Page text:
Baron Jean-Conrad Hottinguer
In 1784, Hottinguer left the city of Zurich to go pursue a business career in Paris. Due to the work of Jean-Conrad, the name Hottinger appeared under the heading of “Bankers” in the Almanach Royal de France in 1784. During the turbulent years of the French Revolution, banking and trade associations were closed down to be reborn later on under the Directoire. Hottinguer left France during this troublesome period and traveled around Europe and America, he met his future wife Martha Redwood in London, the grand daughter of the founder of the Redwood Library and Athenaeum in Newport and married her on 24 August 1793. During this time, he made an array of contacts, and set up a useful business network around the world. This resulted in a number of fruitful commercial and business relationships, including the Bishop of Autun, Charles Maurice de Talleyrand-Périgord.
After many years of traveling, Hottinguer finally returned to France in 1796 to continue working as French banker. Business recommenced at Messieurs Hottinguer & Cie in Paris once the Revolution ended. The French economy was once again able to function properly when banking and trading had resumed. Hottinger & Cie became intimately involved in financial and trade industries in France, Switzerland and many other areas of the world thanks to the work of Hottinguer.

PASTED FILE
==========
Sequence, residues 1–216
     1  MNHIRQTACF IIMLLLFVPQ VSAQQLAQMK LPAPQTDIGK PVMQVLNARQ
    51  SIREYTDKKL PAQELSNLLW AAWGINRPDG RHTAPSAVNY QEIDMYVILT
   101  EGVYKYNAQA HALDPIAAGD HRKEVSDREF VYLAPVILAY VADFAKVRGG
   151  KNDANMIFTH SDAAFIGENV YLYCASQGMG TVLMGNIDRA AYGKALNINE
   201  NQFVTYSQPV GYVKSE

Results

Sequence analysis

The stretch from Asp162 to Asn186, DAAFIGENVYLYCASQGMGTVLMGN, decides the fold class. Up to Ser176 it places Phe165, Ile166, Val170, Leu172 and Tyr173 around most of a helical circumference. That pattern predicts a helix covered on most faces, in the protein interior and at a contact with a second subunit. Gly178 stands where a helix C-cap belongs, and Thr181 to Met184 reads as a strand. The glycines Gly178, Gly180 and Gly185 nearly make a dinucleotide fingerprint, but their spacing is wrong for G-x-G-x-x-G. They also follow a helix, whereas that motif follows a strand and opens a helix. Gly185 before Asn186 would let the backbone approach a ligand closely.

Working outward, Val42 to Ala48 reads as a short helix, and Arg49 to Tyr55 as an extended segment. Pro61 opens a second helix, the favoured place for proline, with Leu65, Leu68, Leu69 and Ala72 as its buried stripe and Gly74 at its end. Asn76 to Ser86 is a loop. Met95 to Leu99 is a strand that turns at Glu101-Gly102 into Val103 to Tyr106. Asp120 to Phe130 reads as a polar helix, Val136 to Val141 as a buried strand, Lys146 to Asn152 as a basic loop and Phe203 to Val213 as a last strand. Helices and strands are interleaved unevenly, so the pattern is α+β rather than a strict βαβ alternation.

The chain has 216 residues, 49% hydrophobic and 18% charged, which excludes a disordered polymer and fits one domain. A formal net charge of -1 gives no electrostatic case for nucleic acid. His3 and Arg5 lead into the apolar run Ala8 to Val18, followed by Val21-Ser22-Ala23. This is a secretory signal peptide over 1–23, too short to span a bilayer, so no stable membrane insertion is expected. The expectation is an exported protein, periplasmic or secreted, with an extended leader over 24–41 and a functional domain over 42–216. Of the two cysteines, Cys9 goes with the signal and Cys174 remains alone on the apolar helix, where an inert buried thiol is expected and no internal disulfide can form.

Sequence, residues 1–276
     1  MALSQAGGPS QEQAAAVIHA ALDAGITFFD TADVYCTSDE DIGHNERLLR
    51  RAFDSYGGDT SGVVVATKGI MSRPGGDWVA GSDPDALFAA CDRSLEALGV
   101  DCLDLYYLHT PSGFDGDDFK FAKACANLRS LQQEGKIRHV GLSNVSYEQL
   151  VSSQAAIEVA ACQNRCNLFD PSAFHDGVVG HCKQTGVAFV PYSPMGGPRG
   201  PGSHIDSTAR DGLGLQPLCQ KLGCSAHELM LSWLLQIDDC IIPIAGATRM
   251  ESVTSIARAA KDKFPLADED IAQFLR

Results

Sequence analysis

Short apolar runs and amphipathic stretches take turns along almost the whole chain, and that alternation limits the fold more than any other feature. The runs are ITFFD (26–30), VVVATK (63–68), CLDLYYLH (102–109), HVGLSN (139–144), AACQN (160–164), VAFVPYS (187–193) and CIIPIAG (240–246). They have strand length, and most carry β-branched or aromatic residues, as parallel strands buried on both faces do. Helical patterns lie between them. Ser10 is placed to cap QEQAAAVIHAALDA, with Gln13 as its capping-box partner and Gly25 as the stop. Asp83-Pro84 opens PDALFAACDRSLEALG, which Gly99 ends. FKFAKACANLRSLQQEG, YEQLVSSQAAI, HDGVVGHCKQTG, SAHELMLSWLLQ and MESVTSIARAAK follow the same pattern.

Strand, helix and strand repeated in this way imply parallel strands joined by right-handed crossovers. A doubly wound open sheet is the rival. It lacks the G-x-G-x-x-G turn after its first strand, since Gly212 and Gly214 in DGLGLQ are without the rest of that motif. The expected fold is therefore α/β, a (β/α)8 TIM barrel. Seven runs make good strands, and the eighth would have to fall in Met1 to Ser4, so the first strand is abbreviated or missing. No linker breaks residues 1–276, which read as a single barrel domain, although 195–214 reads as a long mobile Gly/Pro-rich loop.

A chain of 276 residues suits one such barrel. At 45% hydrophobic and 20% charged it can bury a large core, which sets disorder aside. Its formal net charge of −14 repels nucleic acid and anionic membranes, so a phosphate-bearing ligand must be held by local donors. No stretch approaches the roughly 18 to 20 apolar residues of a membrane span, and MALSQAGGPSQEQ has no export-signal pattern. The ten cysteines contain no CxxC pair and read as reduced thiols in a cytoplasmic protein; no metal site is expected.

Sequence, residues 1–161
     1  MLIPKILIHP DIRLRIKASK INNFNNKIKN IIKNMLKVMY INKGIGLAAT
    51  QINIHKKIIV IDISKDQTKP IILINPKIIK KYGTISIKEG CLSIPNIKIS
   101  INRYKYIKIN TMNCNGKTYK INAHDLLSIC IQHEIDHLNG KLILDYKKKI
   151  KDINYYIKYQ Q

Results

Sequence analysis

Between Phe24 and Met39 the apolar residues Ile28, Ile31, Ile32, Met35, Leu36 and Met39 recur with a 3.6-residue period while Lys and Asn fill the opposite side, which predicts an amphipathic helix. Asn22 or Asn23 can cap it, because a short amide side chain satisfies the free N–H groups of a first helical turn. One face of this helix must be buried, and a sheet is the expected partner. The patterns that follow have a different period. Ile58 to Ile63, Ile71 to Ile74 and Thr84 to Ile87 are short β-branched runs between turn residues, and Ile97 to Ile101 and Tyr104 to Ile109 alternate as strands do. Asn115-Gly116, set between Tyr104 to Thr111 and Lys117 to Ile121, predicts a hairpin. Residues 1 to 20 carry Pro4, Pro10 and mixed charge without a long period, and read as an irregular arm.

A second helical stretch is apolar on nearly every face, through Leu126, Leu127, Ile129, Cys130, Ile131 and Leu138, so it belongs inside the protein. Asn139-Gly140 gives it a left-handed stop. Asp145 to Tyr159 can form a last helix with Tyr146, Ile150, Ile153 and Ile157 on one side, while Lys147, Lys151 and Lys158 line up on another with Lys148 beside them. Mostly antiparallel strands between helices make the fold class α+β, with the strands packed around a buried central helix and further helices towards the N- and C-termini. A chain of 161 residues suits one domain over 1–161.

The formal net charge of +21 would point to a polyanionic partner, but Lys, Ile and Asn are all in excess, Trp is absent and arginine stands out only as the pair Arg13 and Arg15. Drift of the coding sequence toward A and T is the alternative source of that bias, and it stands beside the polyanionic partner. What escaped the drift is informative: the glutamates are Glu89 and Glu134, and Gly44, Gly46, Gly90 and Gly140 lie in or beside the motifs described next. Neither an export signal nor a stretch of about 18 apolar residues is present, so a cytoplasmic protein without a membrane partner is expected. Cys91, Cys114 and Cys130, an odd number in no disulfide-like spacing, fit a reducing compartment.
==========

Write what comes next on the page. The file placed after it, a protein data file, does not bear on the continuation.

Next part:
In the late 18th century, Hottinguer was one of the French agents involved in the XYZ Affair, a much-publicized diplomatic scandal between France and the United States.
In the beginning 19th century, a family friend and associate, Henri Escher, established the first Hottinger representative office in America. His son, Alfred Escher, founded Credit Suisse, the École Polytechnique of Zurich, and Gotthard Rail Company before being made President of the national council. For his achievements, the city for Zürich recognizes him with a statue.
In 1803, Hottinguer was appointed as a founding member of The Board of Governors for The Banque de France. He then went on to become a member of the general Council of trade and then president of the Paris Chamber of Commerce and Industry. On 19 September 1810 he was made a Baron of the French Empire. This hereditary title would pass to the oldest son of each generation.
Hottinger later became interested in the insurance industry. In the first year that the insurance industry was open to bankers, he created the first Compagnie Royale D`Assurances. In 1818, he joined forces with Benjamin Delessert to create the Caisse d'Epargne et de Prévoyance de Paris, this was France's first savings bank. Jean-Conrad died in 1841 and was later succeeded by his son Jean-Henri Hottinguer.
- "Hottinguer Jean Conrad, Baron de l'Empire (1764-1841)". appl-lachaise.net. Retrieved 2008-09-09.